Sunday, August 26, 2007

An African Village Seeking Solutions

Children of Welverdiend, a South African village just outside of Kruger National Park. Photo by Sally Kneidel

In an August 6 post I briefly described our June visit to the South African village of Welverdiend. We were able to spend a day there talking with the villagers about the challenges of village life in 2007, such as dwindling supplies of fuel wood and damage to their crops from elephants. That was a remarkable day for me - the visit put faces on issues that had just been abstractions to me before.

As I mentioned in the earlier post, the village is only about 15 km outside of the Orpen Gate, one of the main entrances into Kruger National Park on the park's west side. So the village can easily be included in any visit to Kruger. If you're interested in a village tour, contact scientist Wayne Twine of the University of the Witwatersrand ( The university has a rural research facility on the Orpen Road, just a few km from the village, where anyone can stay.

Wood supplies are shrinking
For centuries, villagers in Welverdiend and other communities have harvested wood sustainably, by cutting only dead branches. But due to increased harvesting by outsiders, often for commercial purposes, dead wood is no longer available. This is a major problem because the villagers use branches to build homes, animal corrals (kraals), fencing, and furniture, as well as fuel for cooking and heating. They depend heavily on natural resources such as wood that historically have been free. But with diminishing supplies, harvesting of wood now often means cutting green branches, which damages trees and is not sustainable.

A household kitchen in Welverdiend, South Africa, constructed of branches cut from trees in the village commons. Photo by Sally Kneidel, PhD

American habits cause African resource shortages
The solutions are not easy. In order to conserve their dwindling wood supplies, villagers have resolved to use wood only for fuel. Their goal is to use metal fence posts when building more fences, and to use cement blocks for new home construction. But that's easier said than done. They use river sand to make the blocks, but supplies of river sand are diminishing too. Kruger National Park takes sand from the same site, and the villagers say that less sand is deposited by the river these days. Why? Global climate change. Less rainfall in their area means that less sand is carried and deposited by the river. And who's causing the global climate change? They know who. Americans are responsible for climate change more than any other single country, by far.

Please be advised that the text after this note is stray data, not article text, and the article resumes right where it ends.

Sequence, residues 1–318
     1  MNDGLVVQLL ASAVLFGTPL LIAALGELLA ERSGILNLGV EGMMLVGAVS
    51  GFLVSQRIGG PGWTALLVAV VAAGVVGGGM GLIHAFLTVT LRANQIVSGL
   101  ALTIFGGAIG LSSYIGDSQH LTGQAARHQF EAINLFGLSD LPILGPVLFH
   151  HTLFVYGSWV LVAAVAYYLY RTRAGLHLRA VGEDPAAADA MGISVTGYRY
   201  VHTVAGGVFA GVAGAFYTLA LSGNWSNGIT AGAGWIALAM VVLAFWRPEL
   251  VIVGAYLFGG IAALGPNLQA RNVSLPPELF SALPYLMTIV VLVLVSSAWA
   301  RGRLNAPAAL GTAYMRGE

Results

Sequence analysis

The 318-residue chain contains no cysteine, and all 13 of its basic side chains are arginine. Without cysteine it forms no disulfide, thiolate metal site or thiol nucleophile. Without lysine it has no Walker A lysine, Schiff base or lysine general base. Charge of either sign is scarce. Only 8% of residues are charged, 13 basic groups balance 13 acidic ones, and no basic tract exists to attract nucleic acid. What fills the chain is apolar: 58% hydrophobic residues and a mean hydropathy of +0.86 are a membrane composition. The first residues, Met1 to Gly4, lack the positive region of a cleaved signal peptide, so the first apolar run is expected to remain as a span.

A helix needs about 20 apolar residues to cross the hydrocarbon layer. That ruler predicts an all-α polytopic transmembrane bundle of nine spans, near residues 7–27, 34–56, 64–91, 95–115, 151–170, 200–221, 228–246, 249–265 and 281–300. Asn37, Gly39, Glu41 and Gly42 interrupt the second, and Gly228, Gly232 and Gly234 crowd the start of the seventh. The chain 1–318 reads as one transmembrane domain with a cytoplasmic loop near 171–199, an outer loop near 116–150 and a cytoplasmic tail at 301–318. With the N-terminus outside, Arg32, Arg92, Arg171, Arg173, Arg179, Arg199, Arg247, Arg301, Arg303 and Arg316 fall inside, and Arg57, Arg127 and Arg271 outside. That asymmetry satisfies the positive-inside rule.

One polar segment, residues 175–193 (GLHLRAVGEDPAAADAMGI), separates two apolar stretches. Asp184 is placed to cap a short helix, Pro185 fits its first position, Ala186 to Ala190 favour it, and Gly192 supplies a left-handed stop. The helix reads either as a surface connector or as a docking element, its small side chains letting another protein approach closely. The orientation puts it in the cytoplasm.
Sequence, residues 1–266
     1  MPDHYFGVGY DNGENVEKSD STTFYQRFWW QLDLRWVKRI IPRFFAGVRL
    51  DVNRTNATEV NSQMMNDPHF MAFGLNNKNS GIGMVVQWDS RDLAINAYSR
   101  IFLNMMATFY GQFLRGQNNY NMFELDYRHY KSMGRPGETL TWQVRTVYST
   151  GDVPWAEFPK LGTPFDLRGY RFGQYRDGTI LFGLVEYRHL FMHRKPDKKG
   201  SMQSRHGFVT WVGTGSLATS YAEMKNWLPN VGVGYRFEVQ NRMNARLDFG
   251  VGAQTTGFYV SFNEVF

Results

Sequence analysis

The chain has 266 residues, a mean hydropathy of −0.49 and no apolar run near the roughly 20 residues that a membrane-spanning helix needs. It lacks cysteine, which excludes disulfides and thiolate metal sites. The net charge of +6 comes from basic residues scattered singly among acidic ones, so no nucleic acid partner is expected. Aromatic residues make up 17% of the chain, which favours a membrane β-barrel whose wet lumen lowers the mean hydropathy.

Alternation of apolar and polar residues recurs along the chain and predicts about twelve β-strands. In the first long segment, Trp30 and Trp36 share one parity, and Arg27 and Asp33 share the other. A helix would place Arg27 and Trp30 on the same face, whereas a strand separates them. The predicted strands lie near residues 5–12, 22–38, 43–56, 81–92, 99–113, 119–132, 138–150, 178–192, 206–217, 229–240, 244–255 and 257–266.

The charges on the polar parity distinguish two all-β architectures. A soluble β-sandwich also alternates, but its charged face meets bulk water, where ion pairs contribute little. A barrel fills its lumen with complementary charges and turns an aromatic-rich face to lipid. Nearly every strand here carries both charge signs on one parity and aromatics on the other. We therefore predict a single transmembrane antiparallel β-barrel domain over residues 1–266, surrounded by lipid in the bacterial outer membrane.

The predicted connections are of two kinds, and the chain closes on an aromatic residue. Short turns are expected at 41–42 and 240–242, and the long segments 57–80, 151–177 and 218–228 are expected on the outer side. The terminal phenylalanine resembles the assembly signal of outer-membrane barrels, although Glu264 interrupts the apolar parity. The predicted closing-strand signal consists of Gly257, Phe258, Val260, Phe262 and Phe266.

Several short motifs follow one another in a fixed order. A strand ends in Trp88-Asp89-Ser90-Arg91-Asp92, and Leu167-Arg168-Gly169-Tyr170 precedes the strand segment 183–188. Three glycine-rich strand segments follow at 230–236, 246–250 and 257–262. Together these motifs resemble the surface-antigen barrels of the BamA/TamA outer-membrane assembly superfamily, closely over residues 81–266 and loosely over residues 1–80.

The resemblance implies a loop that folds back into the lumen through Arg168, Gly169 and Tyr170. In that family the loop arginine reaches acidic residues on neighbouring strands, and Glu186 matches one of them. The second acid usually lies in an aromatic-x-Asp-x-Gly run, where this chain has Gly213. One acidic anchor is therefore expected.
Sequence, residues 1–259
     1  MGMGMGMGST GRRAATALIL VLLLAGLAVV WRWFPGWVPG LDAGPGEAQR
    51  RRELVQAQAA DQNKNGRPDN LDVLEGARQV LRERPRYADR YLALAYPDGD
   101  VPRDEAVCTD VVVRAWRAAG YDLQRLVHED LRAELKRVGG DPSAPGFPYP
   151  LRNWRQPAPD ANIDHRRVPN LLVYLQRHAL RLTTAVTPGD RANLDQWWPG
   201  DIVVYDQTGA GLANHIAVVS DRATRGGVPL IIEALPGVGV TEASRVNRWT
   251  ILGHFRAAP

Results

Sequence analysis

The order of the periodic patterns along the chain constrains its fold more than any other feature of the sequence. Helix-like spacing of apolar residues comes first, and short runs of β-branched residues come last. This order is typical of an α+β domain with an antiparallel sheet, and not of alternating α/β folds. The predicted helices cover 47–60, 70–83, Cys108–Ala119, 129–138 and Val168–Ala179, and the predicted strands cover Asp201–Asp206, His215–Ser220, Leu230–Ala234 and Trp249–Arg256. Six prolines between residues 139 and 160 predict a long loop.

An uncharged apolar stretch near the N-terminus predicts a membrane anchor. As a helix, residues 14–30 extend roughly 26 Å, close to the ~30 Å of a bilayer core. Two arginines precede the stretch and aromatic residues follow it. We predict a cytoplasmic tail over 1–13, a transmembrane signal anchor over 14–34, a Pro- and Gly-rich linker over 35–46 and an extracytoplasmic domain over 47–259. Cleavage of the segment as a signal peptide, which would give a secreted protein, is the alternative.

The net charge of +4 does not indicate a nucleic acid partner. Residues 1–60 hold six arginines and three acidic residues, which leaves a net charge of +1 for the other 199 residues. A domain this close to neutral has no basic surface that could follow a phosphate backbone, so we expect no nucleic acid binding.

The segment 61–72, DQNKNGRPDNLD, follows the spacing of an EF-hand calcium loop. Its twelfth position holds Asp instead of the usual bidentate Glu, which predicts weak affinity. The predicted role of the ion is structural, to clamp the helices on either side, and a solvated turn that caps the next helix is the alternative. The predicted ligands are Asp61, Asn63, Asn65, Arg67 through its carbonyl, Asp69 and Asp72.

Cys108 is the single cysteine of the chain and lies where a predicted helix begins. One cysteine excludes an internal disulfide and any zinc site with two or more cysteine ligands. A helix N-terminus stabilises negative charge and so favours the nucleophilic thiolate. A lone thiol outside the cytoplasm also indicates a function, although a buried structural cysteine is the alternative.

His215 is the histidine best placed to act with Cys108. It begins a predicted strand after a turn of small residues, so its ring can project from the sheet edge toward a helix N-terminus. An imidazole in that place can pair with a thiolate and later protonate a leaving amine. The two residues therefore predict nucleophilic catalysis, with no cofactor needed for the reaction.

In addition to the shortage of sand, villagers have to pay a block-maker to form the blocks, using a special mold. The expense is so high that it may take 10 years to build one home.

A Welverdiend home of blocks made from river sand and cement.  Photo by Sally Kneidel

Villagers positive and inspiring
But even though their resources are changing as rapidly as the political scene in South Africa, the village is brimming with optimism and positive energy. There's almost no crime in the village, and the residents have formed a cooperative to create job opportunities. Wildlife tourists, many from the United States and Europe, bring millions of dollars into the Kruger area every year, and many of the villagers are being trained at the nearby Wildlife College (supported in part by the World Wildlife Fund) to help them get more involved in tourism at Kruger and at two private wildlife reserves bordering the village.

A leopard that we saw near Welverdiend.  Photo by Sally Kneidel

Direct your tourist dollars to those who need it most
If anyone should benefit from the $12 billion Americans spend in Africa each year, it should be indigenous villagers who live intimately with the forests, the land, and the native wildlife. It should not be international hotel chains that take the profits elsewhere. One way to help the villagers of Welverdiend to help themselves is to tour the village, have the same fantastic experience we had, and to tell others about it. If you know anyone - tourists or student groups perhaps - who would be interested in a village tour, please direct them to this blog post or to Wayne Twine, email above, or to me (Sally) at I can easily arrange a tour for you.

Keywords:: welverdiend south africa Kruger Park village tour wildlife fuel wood sustainable natural resources

Monday, August 20, 2007

Woods 1, PlayStation 0